1936 Photolithograph Jules Bastien Lepage Beggar Child Old Man Poor XAF5
This 75+ year old Item is rated Near Mint / Very Fine+. Light aging throughout. No creases. No natural defects. No surface rub. No tears. No water damage.
- Product Type: Orig. Photo-Lithograph; Black / White
- Grade: Near Mint / Very Fine+
- Dimensions: Approximately 7.5 x 8.5 inches; 19 x 22 cm
- Authentication: Serial-Numbered Certificate of Authenticity w/ Full Provenance
- Protection: Packaged in a custom archival sleeve with an acid-free black board (great for display, gift-giving, and preservation)
This piece was illustrated by Bastien-Lepage, Jules. Artist signature in print - bottom left of image.
Jules Bastien-Lepage (1 November, 1848 Ð 10 December, 1884) was a nineteenth century French painter of the Naturalist movement, which was similar in many respects to the Realist movement.
Born in the village of Damvillers, Meuse in France, Bastien-Lepage exhibited an interest in art from an early age. His mother and father, who was an artist himself, purchased prints of paintings from which Jules would copy. His first formal art education came at Verdun, and in 1867 Bastien-Lepage was admitted into the École des Beaux-Arts in Paris where he became a pupil of Alexandre Cabanel. Though fairly reclusive, preferring to work alone and often outside of the École, Bastien-Lepage completed three years of study.
Following service in the French army during the Franco-Prussian War, Bastien-Lepage returned to France, painting tranquil, simple and common scenes in a distinctly naturalist and original tone, elevating the depiction of common life through the augmentation of the grand tradition of French painting. His dynamic compositions, unique pale palette and faithful handing of reality within his paintings garnered him wide acclaim, bringing him various awards and making him an accepted member of the Salon.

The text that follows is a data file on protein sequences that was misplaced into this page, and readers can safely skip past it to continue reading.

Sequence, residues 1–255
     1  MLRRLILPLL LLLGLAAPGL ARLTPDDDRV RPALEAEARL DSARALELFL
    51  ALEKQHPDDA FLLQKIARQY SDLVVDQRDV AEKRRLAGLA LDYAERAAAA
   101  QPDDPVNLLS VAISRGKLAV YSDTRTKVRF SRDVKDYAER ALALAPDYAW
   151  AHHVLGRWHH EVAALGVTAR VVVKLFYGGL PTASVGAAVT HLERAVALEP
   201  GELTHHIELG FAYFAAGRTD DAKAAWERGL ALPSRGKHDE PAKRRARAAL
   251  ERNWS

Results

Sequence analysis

Bastien-Lepage died in France at the age of thirty-six, leaving a significant legacy. Émile Zola identified Bastien-Lepage as Òthe grandson of Courbet and Millet,Ó while Roger Fry (Essay in Aesthetics, 1920) later stated that the eventual acceptance of the Impressionists and subsequent artistic movements of the nineteenth and twentieth centuries first Òrequired the teaching of men like Bastien-Lepage, who cleverly compromised between the truth and an accepted convention of what things looked like, to bring the world gradually around to admitting truthsÓ so inherently apparent in the reality of nature and life.